Total

507,750

1,240,500

807,500

144,000

So the total value of your sales pipeline is $2,699,750. This is from our original total value of $16 million, based on our ability to sell these houses.
When you have more advanced data available, you can calculate different success rates for the prices of the homes. In this example, we assumed that your chances of closing a $75,000 from a lead were the same (4%) as closing a $400,000 house but that may not actually be true. It might be that your opportunity stages are different depending on the specific segment you’re targeting.
Good luck!
Length of sales cycle
The Length of Sales Cycle approach takes the Opportunity Stage process we worked with above but instead of calculating the likelihood of a deal closing based on the stage that it’s in (like Opportunity, Proposal or Commitment), the Length of Sales Cycle method uses the amount of time it takes for a sale to close.
For example, returning to our real estate agent example. They had 5 houses sell within 3080 days:
 House 1: 34 days
 House 2: 30 days
 House 3: 47 days
 House 4: 54 days
 House 5: 79 days
If you add up the number of days (34+30+47+54+79 = 244) and divide by the number of houses (5) you get 48.8 days. This is how long it takes you to move through the 5 stages on average. Obviously the more houses you sell and the more data you have, the more accurate your average number will be.
Now, you can take that 48.8 number and use it to calculate the likelihood that a house will sell. So if a sale has been in progress for 30 days, 30/48.8 = there’s a 61% chance you’ll close the deal. As you can see, some sales cycles are more predictable. Real estate can be very variable, while software sales are much more “regular” – once a customer contacts you, you know there’s usually a defined period of time for them to make their choice of vending and finish the sale.
Regression analysis
Regression analysis is a more mathematical way of forecasting. Regression analysis allows you to extrapolate a known value to figure out an unknown value. For a simple regression, if we’re looking at the number of sales calls and the number of sales they make, we can put it in a chart like this:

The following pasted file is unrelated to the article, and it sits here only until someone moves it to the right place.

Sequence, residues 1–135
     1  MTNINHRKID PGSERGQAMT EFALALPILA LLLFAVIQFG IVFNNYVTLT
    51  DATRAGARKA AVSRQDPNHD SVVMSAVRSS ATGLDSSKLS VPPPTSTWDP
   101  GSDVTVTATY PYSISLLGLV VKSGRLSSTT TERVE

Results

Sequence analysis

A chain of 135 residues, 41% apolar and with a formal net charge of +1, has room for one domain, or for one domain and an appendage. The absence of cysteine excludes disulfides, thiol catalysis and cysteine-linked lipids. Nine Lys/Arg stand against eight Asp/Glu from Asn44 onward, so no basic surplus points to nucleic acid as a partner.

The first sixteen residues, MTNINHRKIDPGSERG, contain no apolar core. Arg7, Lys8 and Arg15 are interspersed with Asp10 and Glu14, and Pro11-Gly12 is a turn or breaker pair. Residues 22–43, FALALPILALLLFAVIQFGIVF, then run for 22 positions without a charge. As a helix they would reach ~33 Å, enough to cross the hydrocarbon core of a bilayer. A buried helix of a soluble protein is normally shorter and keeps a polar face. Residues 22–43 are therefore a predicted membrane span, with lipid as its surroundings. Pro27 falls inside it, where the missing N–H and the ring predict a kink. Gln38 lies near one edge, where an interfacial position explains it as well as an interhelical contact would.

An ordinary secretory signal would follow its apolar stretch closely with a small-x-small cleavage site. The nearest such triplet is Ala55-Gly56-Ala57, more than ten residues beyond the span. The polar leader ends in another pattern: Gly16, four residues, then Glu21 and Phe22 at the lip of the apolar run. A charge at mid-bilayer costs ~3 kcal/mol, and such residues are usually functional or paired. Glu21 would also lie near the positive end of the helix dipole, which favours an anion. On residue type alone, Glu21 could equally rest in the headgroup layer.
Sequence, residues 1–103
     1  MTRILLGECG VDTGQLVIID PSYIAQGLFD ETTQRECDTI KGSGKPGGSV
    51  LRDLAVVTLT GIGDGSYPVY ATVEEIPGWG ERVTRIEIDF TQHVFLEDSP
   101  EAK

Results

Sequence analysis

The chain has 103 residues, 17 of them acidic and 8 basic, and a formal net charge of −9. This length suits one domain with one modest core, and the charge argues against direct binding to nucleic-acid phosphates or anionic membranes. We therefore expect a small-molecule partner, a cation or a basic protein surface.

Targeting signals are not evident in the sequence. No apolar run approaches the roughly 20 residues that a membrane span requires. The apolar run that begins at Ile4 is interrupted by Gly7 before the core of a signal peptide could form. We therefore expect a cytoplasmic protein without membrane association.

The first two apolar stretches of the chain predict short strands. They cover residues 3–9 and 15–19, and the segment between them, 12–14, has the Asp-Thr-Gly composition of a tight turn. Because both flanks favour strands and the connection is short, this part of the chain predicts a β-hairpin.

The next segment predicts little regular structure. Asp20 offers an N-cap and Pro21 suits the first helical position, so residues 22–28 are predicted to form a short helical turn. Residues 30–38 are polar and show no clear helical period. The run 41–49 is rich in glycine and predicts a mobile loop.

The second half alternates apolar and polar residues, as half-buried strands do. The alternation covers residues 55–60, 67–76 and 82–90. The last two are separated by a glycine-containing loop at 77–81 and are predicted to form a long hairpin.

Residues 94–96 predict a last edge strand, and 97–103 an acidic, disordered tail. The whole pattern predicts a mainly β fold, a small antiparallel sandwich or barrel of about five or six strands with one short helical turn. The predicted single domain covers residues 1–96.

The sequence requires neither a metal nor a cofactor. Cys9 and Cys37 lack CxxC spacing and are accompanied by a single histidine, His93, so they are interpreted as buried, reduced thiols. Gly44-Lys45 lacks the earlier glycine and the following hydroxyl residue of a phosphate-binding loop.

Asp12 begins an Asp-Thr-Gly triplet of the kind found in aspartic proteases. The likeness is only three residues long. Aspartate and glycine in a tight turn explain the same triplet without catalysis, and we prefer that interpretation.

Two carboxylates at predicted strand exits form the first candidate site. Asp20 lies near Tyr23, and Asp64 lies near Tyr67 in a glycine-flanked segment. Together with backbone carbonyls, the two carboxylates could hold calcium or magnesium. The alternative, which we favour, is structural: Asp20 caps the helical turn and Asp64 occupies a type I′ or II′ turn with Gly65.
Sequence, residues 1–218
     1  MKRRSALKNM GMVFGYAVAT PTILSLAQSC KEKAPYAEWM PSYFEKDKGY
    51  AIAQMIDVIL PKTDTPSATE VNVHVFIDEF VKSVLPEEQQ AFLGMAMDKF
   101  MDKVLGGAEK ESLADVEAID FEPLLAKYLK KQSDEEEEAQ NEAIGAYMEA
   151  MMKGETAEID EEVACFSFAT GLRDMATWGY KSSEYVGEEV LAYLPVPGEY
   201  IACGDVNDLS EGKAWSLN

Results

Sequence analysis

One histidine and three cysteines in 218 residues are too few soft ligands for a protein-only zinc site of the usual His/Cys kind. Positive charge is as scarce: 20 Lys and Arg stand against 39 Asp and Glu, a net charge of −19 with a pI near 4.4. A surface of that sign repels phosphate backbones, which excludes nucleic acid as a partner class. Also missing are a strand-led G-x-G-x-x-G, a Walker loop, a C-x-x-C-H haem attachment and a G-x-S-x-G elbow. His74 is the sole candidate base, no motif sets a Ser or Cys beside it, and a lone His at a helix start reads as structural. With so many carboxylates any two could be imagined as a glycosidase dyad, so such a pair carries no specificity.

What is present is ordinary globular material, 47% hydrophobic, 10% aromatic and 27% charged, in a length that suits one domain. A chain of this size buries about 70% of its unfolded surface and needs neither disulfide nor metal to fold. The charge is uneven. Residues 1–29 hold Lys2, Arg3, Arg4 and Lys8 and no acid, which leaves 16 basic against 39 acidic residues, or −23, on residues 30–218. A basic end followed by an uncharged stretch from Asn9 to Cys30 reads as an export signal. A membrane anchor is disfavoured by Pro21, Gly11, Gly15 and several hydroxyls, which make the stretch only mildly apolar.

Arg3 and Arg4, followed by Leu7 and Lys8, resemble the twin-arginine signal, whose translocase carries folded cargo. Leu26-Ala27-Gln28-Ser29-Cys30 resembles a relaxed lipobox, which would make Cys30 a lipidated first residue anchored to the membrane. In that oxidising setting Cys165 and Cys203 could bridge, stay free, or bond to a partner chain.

Number of Calls

Number of Sales

5

1

12

3

23

5

42

8

55

11

When we chart this, we end up with the following graph:
In order to chart the relationship between these two numbers we use the formula Y = a + bX, where Y is the dependent value, and X is the independent value. We adjust the X (the number of calls) and see how it influences the Y.
Excel allows us to easily calculate the regression by selecting the Linear Trendline under the “Add Chart Element” menu. It looks like this:
Under the formatting options, I ticked “Show equation on chart”, which tells me the formula is y = 0.1903x + 0.3862.
Let’s predict a new number of calls:
Number of Calls

Number of Sales

5

1

12

3

23

5

42

8

55

11

80

???

Y = 0.1903(80) + 0.3862
Y = 15.61
So we know that if we make 80 calls we can expect to have 15 or 16 sales.
Correcting Our Predictions Over Time
Whenever you make predictions over time, you need to look at how your predictions “turned out.” There are a couple of tools you can use to adjust your prediction: Mean Absolute Demand (MAD) and Mean absolute percentage error (MAPE).
To calculate MAD you take your forecasted results and subtract them from the actual results. Then you take the average of those values. It’s important that you not use the plus or minus signs to calculate the difference.
Returning to our sales call example above:
Number of Calls

Number of Sales Predicted

Actual Sales

Difference

5

1

1

0

12

3

4

1

23

5

6

1

42

8

8

0

55

11

12

1

80

16

13

3

MAD

(0 + 1 + 1 + 0 + 1 + 3) / 6 = 1

So we know our MAD is 1. Our prediction is usually off by one sale.
MAPE is similar to MAD but instead of telling you in sales how far your forecast is off it will tell you the percentage. You can calculate the percentage difference using the formula (Actual Sales – Number of Sales Predicted) / Number of Sales Predicted. For example, for the column of 12 calls made, we have (4 – 3) / 4 = 25% different.
Adding a MAPE column to our chart we see the following:
Number of Calls

Number of Sales Predicted

Actual Sales

Difference

Difference in Percentage

5

1

1

0

0

12

3

4

1

25%

23

5

6

1

20%

42

8

8

0

0

55

11

12

1

9%

80

16

13

3

18.75%


(0 + 1 + 1 + 0 + 1 + 3) / 6 = 1

0 + 25 + 20 + 0 + 9 + 18.75 = 72.75 / 6 = 12.125%

This tells us that the MAD is 1 and the MAPE is 12.125%. We would need to adjust our forecasts by about 12% (in this case, down) in order to ensure that we’ve accurately predicted the right number.
Other Sources for Data
You might not have past sales data, or might want to compare your data with others in your industry. For example, retail stores might want to look at the average sales per square foot in similar businesses and compare them to their own.
Similarly, restaurants will calculate an average revenue per table and it might be helpful to understand those numbers. We talk about this in the Financial Monitoring when we note the Gross Profit Margin of different industries.
One source that everyone in Iowa has access to is ReferenceUSA. You can do a search for businesses in your area and compare the data. For example, A&W Restaurants has a location in Sigourney. They estimate the location is under 1500 square feet and that this location might do $576,000 in sales volume.
I have questions
Sales forecasting can be a bit confusing when you first start out. Please get in touch if you have questions about how to forecast your sales and we'll sit down with you to get a system in place that works for you. You can call us at 6416222288 or email me (Dustin MacDonald, Executive Director) at execdir@sigourney.com.